A 58-year-old woman with a history of current cigarette smoking, hypertension, and hyperlipidemia presented to the emergency room at our center reporting recurrent episodes of severe central chest pain over the preceding 24 hours. While her ECG showed no significant ST segment shifts, troponin I levels were slightly increased (0.025 ng/mL). Accordingly, she was referred for coronary angiography in the setting of a non-ST segment elevation MI.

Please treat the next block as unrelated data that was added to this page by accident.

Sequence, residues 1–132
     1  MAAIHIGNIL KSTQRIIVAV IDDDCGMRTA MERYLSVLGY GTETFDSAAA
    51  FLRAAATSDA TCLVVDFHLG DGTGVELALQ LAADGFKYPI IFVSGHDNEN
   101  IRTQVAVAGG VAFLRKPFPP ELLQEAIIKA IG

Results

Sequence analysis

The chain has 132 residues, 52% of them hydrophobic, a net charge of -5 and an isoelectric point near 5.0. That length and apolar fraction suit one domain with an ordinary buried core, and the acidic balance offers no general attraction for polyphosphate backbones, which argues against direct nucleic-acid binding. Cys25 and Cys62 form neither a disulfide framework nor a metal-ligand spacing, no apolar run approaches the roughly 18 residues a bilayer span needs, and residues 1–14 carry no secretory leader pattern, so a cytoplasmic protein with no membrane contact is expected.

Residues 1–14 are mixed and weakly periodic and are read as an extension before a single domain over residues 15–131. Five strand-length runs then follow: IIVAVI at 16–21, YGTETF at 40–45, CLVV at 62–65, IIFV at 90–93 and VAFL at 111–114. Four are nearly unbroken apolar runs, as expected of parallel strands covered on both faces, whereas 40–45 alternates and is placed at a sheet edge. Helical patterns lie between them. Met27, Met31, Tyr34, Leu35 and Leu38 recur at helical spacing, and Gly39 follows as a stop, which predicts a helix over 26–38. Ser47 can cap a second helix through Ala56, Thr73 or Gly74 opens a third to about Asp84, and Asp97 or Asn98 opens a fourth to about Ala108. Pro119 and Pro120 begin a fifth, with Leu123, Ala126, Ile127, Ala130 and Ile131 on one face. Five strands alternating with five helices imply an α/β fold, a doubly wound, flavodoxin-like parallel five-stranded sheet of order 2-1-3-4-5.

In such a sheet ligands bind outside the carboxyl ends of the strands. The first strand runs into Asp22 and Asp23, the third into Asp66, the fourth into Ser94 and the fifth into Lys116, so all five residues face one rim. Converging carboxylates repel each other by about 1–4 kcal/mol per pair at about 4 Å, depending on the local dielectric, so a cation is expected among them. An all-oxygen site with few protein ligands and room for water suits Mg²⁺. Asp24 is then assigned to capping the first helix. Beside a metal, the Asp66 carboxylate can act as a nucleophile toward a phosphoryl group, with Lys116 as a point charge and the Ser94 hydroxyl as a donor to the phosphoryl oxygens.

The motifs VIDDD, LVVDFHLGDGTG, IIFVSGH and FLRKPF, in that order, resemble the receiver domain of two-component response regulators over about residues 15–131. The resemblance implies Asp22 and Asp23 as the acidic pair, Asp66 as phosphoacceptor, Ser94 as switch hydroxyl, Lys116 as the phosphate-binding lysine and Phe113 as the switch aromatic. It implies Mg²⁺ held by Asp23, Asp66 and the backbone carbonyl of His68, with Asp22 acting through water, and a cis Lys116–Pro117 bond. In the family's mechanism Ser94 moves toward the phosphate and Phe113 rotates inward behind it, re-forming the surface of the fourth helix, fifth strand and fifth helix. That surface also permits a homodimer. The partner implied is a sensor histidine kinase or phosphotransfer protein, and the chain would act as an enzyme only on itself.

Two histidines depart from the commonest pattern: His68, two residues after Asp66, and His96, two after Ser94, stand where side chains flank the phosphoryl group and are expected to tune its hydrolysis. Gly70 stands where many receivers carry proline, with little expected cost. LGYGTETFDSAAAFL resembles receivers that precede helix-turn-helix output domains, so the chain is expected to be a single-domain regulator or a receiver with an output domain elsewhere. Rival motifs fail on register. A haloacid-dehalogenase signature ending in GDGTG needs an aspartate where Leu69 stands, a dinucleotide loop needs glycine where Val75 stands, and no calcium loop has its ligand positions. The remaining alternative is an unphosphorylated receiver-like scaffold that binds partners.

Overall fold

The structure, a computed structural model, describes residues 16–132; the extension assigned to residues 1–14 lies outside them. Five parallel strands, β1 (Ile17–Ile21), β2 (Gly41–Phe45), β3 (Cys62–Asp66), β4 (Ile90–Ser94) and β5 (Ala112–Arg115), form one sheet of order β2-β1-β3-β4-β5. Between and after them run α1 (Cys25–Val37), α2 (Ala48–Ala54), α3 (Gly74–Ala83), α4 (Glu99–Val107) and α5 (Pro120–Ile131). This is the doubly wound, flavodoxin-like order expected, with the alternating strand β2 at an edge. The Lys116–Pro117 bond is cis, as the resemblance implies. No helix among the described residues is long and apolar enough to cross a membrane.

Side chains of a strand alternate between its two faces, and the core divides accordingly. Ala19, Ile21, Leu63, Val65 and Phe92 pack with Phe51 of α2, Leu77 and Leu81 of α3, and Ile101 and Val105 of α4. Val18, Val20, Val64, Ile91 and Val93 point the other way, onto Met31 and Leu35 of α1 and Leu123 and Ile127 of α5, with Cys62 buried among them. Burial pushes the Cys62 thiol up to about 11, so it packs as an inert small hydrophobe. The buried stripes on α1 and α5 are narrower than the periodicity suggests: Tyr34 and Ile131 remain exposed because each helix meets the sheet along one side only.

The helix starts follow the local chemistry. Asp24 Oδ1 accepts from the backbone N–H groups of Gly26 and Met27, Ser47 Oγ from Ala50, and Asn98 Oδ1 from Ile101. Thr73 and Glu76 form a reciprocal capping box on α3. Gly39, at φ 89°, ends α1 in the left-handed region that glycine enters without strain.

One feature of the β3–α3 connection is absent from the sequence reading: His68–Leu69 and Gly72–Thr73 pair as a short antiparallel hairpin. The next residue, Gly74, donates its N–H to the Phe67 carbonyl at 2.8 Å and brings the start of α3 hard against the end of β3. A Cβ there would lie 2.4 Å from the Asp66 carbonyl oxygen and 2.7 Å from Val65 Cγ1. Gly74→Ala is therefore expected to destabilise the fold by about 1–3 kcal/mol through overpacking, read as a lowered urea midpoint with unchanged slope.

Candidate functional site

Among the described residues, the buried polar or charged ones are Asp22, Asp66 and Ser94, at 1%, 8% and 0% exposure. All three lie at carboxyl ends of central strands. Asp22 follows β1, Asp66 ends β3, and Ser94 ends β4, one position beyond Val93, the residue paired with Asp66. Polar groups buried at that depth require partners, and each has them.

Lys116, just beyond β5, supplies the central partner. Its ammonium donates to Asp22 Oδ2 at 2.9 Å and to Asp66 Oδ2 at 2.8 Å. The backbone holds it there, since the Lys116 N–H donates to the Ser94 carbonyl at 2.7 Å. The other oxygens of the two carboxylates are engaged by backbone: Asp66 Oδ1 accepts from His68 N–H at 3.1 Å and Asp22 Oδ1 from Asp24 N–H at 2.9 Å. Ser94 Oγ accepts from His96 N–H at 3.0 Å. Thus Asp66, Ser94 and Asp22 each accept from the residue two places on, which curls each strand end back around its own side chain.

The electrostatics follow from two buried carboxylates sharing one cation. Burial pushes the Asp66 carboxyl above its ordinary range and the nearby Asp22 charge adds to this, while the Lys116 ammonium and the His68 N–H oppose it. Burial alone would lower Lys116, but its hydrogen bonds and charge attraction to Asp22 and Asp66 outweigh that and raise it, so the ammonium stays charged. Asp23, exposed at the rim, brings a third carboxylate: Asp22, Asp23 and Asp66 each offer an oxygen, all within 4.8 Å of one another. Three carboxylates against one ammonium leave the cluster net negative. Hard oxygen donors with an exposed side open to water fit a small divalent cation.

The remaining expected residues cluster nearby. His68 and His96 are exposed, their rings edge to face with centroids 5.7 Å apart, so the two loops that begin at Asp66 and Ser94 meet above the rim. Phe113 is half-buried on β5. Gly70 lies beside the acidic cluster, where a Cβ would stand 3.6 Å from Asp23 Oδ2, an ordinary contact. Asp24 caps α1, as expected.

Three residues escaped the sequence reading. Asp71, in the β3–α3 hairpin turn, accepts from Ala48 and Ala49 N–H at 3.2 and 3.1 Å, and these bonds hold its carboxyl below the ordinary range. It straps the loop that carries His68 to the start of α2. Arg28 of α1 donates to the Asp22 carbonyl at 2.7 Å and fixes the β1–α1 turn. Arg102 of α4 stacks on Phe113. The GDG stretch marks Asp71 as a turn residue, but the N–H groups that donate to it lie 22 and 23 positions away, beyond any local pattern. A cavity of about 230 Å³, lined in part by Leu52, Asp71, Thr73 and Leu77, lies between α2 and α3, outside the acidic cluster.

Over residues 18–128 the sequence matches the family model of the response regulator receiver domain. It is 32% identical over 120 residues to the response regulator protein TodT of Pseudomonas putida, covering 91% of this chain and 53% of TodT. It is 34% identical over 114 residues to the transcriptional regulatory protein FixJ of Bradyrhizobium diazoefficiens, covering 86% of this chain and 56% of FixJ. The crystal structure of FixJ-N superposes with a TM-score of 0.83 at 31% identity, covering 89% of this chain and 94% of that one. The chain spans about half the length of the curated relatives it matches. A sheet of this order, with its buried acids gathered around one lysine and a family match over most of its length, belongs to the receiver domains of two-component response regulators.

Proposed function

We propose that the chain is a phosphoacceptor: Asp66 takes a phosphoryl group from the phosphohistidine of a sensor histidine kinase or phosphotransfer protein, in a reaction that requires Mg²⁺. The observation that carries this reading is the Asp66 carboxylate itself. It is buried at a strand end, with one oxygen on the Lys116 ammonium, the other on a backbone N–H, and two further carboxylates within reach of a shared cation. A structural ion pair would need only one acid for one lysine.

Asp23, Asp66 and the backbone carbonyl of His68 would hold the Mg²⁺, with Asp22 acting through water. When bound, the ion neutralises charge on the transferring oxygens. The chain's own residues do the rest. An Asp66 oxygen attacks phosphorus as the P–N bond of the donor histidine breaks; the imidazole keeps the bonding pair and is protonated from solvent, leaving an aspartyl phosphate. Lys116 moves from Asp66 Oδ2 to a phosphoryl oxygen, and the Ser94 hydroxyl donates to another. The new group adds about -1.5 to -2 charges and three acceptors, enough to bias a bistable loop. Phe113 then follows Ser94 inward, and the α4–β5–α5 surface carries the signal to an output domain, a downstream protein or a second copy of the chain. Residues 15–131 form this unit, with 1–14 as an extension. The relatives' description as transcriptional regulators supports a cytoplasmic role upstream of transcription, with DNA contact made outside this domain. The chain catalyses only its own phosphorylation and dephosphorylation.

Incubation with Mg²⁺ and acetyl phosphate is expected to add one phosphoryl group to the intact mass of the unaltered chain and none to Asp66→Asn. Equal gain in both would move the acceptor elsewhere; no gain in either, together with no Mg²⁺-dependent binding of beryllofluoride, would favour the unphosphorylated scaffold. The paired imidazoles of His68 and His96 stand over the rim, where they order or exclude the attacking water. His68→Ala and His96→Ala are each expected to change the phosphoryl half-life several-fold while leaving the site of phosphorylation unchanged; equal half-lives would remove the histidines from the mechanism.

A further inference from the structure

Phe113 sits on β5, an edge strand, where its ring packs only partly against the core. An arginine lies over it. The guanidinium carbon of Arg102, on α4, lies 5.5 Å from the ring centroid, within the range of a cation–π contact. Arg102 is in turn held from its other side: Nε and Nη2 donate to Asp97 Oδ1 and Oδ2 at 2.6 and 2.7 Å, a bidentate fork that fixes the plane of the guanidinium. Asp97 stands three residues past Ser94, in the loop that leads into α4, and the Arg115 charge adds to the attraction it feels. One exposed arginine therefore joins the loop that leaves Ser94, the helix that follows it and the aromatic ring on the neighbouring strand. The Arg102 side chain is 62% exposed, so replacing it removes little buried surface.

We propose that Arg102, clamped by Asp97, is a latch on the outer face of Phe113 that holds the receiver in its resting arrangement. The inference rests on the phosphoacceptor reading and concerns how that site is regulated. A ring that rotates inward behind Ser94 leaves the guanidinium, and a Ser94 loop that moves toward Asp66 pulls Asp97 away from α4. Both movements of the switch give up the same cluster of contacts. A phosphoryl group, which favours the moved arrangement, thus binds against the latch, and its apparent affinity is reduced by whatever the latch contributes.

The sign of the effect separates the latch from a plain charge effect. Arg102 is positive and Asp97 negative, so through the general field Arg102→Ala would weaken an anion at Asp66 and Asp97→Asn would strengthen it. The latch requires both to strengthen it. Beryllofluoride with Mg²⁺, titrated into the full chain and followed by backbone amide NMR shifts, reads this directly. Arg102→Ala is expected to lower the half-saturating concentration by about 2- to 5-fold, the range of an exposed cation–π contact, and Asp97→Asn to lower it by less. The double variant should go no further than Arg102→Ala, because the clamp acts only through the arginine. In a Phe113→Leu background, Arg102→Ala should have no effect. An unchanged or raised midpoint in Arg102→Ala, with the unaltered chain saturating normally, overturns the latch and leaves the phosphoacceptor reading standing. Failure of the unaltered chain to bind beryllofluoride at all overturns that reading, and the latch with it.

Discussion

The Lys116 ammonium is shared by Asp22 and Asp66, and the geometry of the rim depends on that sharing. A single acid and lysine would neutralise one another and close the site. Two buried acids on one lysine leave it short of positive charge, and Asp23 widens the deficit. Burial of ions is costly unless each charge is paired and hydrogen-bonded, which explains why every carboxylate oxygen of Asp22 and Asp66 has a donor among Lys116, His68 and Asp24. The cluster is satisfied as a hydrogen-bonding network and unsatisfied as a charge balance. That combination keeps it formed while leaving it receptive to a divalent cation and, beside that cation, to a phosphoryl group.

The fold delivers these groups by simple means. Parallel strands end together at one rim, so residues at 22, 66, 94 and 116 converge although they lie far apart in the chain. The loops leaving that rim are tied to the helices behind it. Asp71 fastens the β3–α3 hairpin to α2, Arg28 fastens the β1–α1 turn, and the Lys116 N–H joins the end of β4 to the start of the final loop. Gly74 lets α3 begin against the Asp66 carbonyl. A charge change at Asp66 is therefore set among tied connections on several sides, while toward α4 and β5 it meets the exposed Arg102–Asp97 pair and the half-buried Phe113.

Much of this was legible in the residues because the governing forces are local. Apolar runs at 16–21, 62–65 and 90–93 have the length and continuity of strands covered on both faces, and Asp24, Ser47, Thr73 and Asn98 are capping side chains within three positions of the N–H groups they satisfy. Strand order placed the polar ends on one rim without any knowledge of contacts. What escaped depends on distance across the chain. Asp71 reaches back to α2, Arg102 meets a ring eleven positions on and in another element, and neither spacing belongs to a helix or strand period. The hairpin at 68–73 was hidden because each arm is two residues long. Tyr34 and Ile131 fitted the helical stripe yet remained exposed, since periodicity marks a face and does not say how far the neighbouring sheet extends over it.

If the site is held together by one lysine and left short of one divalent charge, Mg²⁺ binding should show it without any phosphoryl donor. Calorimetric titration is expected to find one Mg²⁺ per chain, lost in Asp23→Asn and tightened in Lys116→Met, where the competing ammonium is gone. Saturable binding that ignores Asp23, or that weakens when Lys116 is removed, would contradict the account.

Catheterization was performed via the right radial artery using the 6 French (F) Amplatz R1 and 6F Judkins L 3.5 diagnostic catheters (Medtronic Inc., Minneapolis, MN, USA). The only angiographic abnormality noted was a moderate stenosis of the mid left anterior descending coronary artery (LAD) (Figure 1). To further assess the physiological significance of this stenosis, an iFFR PrimeWire (Volcano Corp, San Diego, CA, USA) was placed in the LAD, following exchange of the Judkins catheter for a 6F Extra Back-Up (EBU) 3.5 guiding catheter (Medtronic Inc., Minneapolis, MN, USA). Of note, initial angiography through the EBU guide catheter prior to advancing the wire showed good coronary flow. It was, however, not possible to advance the wire to the lesion. Accordingly, the PrimeWire was removed from the vessel and then an angiogram of the left coronary artery was taken. Angiography revealed only a stump of the left main coronary artery (LMCA) with occlusion of both the LAD and of the circumflex (LCx) coronary arteries (Figure 2). Marked (3 mm) anterior ST segment elevation then developed, and the patient became progressively hypotensive with systolic pressure falling to a nadir of 58 mmHg. Inotropic and pressor infusions were commenced.